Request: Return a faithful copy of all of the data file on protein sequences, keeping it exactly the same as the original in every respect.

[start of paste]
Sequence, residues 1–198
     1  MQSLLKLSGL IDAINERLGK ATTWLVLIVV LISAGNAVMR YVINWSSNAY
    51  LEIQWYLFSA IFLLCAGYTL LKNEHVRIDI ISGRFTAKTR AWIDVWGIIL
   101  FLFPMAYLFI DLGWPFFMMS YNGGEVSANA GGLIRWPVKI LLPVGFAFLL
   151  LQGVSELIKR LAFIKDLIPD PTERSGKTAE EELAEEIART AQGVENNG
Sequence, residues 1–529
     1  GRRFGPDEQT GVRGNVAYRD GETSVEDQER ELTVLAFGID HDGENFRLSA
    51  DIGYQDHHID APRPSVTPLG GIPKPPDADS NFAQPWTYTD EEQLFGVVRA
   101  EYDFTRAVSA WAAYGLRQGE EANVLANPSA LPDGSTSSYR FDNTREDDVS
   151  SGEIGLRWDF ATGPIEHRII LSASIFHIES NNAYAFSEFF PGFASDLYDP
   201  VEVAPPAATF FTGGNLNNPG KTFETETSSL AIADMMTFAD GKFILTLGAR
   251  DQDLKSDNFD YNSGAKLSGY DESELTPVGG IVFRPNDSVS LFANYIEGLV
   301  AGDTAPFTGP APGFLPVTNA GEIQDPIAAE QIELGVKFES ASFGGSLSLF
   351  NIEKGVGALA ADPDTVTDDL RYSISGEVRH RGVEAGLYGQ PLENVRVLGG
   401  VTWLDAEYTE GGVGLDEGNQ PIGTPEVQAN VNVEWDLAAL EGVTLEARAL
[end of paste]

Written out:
Sequence, residues 1–198
     1  MQSLLKLSGL IDAINERLGK ATTWLVLIVV LISAGNAVMR YVINWSSNAY
    51  LEIQWYLFSA IFLLCAGYTL LKNEHVRIDI ISGRFTAKTR AWIDVWGIIL
   101  FLFPMAYLFI DLGWPFFMMS YNGGEVSANA GGLIRWPVKI LLPVGFAFLL
   151  LQGVSELIKR LAFIKDLIPD PTERSGKTAE EELAEEIART AQGVENNG
Sequence, residues 1–529
     1  GRRFGPDEQT GVRGNVAYRD GETSVEDQER ELTVLAFGID HDGENFRLSA
    51  DIGYQDHHID APRPSVTPLG GIPKPPDADS NFAQPWTYTD EEQLFGVVRA
   101  EYDFTRAVSA WAAYGLRQGE EANVLANPSA LPDGSTSSYR FDNTREDDVS
   151  SGEIGLRWDF ATGPIEHRII LSASIFHIES NNAYAFSEFF PGFASDLYDP
   201  VEVAPPAATF FTGGNLNNPG KTFETETSSL AIADMMTFAD GKFILTLGAR
   251  DQDLKSDNFD YNSGAKLSGY DESELTPVGG IVFRPNDSVS LFANYIEGLV
   301  AGDTAPFTGP APGFLPVTNA GEIQDPIAAE QIELGVKFES ASFGGSLSLF
   351  NIEKGVGALA ADPDTVTDDL RYSISGEVRH RGVEAGLYGQ PLENVRVLGG
   401  VTWLDAEYTE GGVGLDEGNQ PIGTPEVQAN VNVEWDLAAL EGVTLEARAL